For shotguns we'd use a 4" naval gun, aim high and don't forget to dress the part :)

Cheers.
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Old August 12th, 2010, 12:48 AM   #6
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When I made my first movie, nobody actually fired any guns (way too much red tape and $$), and even most of the shots were off-screen. But I wanted an accurate sound fx, so I set up a mic and a real gun (firing blanks) in my small basement. I was nearly deafened and all the mic caught was a tiny pop. Lessoned learned LOL

Sorry, that doesn't help you at all, but the question brought back that memory.
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Old August 12th, 2010, 01:46 AM   #7
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Dan,

I would post this ? in the audio sub forum. I don't believe outside gun shots will cause damage to your equipment. But I have heard of loud screams blowing out mics. So I imagine there is some merit to your concern.
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Old August 12th, 2010, 10:58 PM   #8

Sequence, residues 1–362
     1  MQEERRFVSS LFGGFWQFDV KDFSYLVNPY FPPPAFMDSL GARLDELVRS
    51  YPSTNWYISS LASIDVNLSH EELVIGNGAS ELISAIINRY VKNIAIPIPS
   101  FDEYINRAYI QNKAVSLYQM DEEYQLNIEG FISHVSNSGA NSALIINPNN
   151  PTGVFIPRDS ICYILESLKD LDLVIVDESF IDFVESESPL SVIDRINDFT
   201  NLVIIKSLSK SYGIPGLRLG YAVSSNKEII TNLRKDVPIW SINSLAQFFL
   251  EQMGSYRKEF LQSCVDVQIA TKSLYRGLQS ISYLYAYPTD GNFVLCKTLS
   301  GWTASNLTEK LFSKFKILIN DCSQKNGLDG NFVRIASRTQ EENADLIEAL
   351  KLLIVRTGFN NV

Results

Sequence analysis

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Yes, i am concerned about this myself...
I filmed an event near speakers with heavy bass....

Something must have happened.
Since then, my mic has always been clipping near larger speakers...I can verify this, because the second camera (XHA1) didn't have the distortion issues that i had....

I hope your on camera mic isn't damaged...
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Old August 13th, 2010, 03:10 AM   #9
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A typical electret condenser capsule has an air gap between the diaphragm and backplate of 20μm or so - a fifth of the size of a human hair. The virtually permanent charge is between 200-300V is supposed to last the lifetime of the microphone. It's perfectly likely that the over pressure can deflect the mylar enough to short out, but oddly, the only information on the net is in the form of apocryphal forum links, usually "well respected Mowtown producer .... or people who had failed microphones when recording gunfire. I expected to be able to find some scientific data, or manufacturer comment, but I failed. No primary verifiable data at all.